Nonsense. Cyclists contribute through all forms of taxation like anyone else. VED is not ring-fenced for road maintenance. VED is currently a pollution tax; cycles are zero emission and unlike EVs cause negligible damage to road surfaces.
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By moneymanager
06th Aug 2023 01:15

The imposition of electrical vehicles on a universal basis is, if you will pardon the pun, a non-starter, even if lithium, let alone all the other essential minerals, were used ONLY for car batteries there are known sources that would be adequate, there is no possible way that the near universal infrastructural change would be, in the round, beneficial to the environment, so what's it for, simple, capital destruction.

During the near two year long "two weeks to flatten the curve" nonsense the government emasculated the catering trade causing both the retail and supply chain destruction of millions of Poundsworth of perishable stock, the promise and subsequent withdrawal of reopening promises repeated that grievous destruction of operating capital leading many to never reopen.

Jaguar has committed itself to an early all electric position but there is every evidence that the EV market is collapsing, I have contacts in the motor trade who tell of vehicles being handed back, the collosal German manufacturers have recognised the headwinds having both committed themselves and sunk billions into this dead end "great on paper"technology and the shareholders pay; remember "You will own nothing, but you will be happy", they are doing what they say on the tin.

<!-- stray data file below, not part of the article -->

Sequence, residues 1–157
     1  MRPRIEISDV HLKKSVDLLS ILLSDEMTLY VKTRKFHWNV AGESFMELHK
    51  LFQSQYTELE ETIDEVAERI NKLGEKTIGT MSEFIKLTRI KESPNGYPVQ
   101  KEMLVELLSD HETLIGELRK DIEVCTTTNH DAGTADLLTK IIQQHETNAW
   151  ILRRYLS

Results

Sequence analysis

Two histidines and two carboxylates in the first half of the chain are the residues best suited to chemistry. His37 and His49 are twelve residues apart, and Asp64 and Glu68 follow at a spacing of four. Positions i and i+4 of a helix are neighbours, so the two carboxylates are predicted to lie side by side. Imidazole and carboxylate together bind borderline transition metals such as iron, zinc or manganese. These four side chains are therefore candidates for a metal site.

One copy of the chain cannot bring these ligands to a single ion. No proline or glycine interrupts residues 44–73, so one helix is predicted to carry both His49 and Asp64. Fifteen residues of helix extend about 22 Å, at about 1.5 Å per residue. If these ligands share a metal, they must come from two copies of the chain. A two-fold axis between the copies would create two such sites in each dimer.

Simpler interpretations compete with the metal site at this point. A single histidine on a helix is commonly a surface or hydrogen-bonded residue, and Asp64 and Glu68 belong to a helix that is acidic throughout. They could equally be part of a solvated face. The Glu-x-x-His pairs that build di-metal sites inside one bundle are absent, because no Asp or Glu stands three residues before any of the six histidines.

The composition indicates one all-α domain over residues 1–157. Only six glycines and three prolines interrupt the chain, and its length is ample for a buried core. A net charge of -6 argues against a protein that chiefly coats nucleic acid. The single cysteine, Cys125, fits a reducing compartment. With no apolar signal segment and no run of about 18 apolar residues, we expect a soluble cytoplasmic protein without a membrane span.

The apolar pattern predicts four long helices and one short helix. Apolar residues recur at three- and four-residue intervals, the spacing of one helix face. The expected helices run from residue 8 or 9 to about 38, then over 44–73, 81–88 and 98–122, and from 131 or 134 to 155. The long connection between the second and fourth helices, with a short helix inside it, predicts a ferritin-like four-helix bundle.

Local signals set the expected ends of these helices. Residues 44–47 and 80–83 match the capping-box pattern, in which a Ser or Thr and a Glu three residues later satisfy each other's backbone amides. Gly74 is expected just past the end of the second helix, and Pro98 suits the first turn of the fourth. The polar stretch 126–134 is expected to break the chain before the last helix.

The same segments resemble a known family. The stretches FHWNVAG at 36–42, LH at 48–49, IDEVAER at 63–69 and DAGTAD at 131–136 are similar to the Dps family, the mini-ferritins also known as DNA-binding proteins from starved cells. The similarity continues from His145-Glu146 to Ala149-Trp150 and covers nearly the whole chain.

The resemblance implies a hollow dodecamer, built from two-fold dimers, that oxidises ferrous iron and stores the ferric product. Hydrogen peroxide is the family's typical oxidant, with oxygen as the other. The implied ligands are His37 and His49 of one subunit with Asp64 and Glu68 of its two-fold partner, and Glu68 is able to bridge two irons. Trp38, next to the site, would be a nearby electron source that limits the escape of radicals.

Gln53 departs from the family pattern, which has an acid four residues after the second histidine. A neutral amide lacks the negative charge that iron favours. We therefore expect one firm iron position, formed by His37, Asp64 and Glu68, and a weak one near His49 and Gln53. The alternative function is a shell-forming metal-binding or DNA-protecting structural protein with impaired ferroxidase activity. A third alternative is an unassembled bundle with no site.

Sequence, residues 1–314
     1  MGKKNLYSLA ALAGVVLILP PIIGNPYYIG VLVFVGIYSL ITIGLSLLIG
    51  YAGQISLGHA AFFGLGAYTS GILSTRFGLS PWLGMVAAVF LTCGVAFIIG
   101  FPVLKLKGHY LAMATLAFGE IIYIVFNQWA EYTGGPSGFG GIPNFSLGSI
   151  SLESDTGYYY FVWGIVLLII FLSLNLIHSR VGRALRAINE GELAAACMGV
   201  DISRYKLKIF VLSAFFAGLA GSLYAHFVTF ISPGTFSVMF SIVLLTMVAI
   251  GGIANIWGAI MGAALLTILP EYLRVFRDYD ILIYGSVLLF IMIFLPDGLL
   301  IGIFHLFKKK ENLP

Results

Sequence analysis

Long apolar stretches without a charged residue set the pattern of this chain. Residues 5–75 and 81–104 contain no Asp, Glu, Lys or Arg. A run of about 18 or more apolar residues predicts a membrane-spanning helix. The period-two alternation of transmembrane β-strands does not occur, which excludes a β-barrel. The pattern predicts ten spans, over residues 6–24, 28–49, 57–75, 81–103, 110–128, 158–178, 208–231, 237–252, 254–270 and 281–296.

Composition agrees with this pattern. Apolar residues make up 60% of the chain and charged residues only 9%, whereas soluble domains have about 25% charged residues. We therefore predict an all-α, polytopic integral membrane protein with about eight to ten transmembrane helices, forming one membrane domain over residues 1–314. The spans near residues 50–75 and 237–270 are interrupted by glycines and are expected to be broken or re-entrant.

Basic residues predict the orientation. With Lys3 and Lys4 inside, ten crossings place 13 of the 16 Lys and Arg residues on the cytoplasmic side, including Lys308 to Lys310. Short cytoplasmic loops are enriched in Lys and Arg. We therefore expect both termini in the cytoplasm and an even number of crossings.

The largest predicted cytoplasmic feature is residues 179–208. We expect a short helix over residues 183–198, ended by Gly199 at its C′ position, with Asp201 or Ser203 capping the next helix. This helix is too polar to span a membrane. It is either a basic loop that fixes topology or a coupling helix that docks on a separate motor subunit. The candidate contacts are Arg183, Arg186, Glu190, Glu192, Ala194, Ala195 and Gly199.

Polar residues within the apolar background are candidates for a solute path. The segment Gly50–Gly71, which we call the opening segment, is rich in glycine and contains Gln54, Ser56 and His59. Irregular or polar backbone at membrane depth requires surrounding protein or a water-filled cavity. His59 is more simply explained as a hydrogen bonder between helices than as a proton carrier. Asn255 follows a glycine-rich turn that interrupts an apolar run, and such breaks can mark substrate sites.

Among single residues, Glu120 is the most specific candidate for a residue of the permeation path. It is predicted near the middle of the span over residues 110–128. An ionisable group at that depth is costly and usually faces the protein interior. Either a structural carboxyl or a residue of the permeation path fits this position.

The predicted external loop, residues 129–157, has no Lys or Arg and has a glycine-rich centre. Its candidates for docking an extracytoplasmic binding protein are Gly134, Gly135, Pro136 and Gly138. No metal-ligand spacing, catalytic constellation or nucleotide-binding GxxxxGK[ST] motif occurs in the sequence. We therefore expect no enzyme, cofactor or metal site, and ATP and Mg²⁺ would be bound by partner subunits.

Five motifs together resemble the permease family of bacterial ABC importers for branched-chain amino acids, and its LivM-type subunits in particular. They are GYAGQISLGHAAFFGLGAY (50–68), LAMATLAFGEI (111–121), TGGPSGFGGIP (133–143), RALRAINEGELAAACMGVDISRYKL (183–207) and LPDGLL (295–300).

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By morganedge
08th Aug 2023 08:43

Taxing the vehicle or journey rather than the electricity might be the best way to deter the equivalent of red/laundered fuel fraud, but would it catch the untaxed, uninsured drivers? Would our system be compatible with Europe? How will we pay when grape picking in France? And how will we collect duty from European hauliers? (Or will all our goods fly in from Australia by then?)

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Replying to morganedge:
RLI
By lionofludesch
08th Aug 2023 08:54

Ah - you think that the DVLA would no longer keep a track of who owns vehicles if there was no VED ?

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Replying to lionofludesch:
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By morganedge
09th Aug 2023 07:30

Ha Ha - Fiddlers will fiddle, tinkerers will tinker and toerags will find new ways to avoid.